In a matter of months, the Islamic State (IS) has cemented itself as a feared terrorist organization. And with the group's gruesome beheadings and headline-grabbing expansion into Iraq and Syria, some of America's politicians are calling for intervention far beyond airstrikes.
Last week, President Obama announced that while the U.S. will take a firm stance on ISIS, it will not take on a unilateral effort. But as Secretary of State John Kerry travels around the world drumming up support for a coalition against IS, it remains unclear how active a leadership role the U.S. should take, and whether limiting military engagement to airstrikes is effective.
The more hawkish groups of the American government have expressed frustration with this slow approach: In particular, many Republicans — retired or still in office — have indicated that ground troops might be the best option.
Here are some choice quotes:
"It is our fight. It is not just their fight. They are planning to come here ... To destroy ISIL, you have to kill or capture their leaders. The president needs to rise to the occasion before we all get killed at home." — Sen. Lindsey Graham (R-S.C.)
"I'm not suggesting we need to get into another ground war in the Middle East. I'm just saying we cannot do this without having some forces on the ground that can help our air campaign. You have to have that ... Everybody tells me, you got to have some people on the ground. You can't do this with just air power." — James Baker, secretary of state under former President George H.W. Bush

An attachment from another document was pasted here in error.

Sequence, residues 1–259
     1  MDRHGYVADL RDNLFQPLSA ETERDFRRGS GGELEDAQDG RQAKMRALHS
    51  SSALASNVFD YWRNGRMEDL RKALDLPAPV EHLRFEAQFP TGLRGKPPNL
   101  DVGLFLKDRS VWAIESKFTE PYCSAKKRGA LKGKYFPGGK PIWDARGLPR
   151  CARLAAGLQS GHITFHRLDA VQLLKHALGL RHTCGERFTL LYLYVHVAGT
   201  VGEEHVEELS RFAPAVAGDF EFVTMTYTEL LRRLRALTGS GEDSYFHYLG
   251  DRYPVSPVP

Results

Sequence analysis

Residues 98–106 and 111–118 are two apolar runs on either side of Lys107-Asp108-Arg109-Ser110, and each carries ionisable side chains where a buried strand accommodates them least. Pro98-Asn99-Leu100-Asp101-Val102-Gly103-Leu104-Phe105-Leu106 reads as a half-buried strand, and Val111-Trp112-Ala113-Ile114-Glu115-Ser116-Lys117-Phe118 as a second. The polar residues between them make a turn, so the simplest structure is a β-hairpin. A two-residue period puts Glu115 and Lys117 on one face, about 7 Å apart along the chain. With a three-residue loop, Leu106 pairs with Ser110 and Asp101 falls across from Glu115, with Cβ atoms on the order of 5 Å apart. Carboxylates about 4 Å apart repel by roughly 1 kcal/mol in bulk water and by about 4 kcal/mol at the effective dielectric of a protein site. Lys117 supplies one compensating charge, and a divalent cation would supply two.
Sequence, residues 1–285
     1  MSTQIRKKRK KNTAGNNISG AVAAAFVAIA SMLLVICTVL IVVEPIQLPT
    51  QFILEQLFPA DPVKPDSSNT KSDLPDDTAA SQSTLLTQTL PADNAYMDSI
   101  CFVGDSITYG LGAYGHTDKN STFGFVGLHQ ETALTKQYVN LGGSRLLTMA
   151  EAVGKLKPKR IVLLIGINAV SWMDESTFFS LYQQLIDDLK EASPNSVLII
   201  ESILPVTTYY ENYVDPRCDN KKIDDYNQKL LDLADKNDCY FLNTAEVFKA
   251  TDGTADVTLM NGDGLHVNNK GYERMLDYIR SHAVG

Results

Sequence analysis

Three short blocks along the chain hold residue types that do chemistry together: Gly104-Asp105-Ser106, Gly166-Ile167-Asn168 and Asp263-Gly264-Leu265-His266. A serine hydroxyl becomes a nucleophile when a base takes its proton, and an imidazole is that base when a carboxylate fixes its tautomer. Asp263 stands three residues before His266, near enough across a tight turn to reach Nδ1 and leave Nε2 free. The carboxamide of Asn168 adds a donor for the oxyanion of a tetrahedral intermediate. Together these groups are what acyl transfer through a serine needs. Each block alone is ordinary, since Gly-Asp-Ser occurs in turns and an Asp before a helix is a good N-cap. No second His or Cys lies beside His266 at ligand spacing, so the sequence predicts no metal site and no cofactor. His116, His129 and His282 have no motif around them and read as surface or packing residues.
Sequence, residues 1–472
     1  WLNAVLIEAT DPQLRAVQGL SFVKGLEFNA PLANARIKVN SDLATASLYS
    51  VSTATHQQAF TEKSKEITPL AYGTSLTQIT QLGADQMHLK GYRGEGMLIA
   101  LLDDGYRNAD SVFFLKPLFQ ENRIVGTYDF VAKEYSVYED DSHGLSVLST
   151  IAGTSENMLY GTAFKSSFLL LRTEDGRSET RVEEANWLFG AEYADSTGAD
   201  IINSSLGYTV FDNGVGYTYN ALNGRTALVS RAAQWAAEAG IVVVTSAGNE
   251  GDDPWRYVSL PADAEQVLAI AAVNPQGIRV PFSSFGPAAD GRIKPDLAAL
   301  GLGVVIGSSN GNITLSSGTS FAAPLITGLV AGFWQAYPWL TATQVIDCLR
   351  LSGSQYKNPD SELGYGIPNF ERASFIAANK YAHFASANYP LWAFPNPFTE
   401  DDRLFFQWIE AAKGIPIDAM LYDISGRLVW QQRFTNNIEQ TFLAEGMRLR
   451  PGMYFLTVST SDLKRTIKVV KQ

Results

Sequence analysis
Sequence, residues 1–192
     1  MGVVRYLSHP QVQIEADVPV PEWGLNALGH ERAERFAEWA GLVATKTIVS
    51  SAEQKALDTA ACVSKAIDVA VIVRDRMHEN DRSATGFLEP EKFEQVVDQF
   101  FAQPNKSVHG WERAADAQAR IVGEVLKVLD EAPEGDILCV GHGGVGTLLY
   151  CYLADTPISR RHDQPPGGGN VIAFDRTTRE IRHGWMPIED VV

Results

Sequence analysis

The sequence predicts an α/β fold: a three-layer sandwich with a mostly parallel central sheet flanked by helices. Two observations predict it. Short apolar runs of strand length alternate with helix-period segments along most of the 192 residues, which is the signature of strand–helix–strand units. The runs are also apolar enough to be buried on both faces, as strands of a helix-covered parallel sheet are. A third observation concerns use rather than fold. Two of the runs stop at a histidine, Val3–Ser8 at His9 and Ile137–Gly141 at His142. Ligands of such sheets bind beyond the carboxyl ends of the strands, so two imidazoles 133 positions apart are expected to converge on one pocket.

"Air power won't be sufficient. When you just rely on air power, people don't doubt your strength, they doubt your intention." — Former NSA and CIA Director Michael Hayden
"An F-16 is not a strategy. And airstrikes alone will not accomplish what we're trying to accomplish. The president's made clear that he doesn't want boots on the ground, well somebody's boots have to be on the ground." — Speaker of the House John Boehner (R-Ohio)
"Our allies would feel much more secure and committed ... if they knew that Congress was behind this." — Sen. Bob Corker (R-Tenn.), top Republican on the Senate Foreign Relations Committee
So where does the country stand? The unfolding conflict in Iraq and Syria has brought back the American public's conflicting feelings regarding national security and foreign wars. Despite the fact that Obama was voted into office on the promise of bringing overseas troops home, public sentiment seems to have changed a lot since then.
According to a recent Wall Street Journal/NBC poll, around two-thirds of the country believe that confronting IS is in the national interest. More tellingly, 40% of respondents said that military engagement should be limited to airstrikes, while a roughly same amount — 34% — said they support both airstrikes and ground forces.
Of course, many people still remember very well what happened the last time the U.S. got involved in a ground invasion in Iraq, and would be loath to see history repeat itself. Still, IS is inspiring fear, and immediate concerns over national security seem to have trumped many people's distaste for foreign entanglements.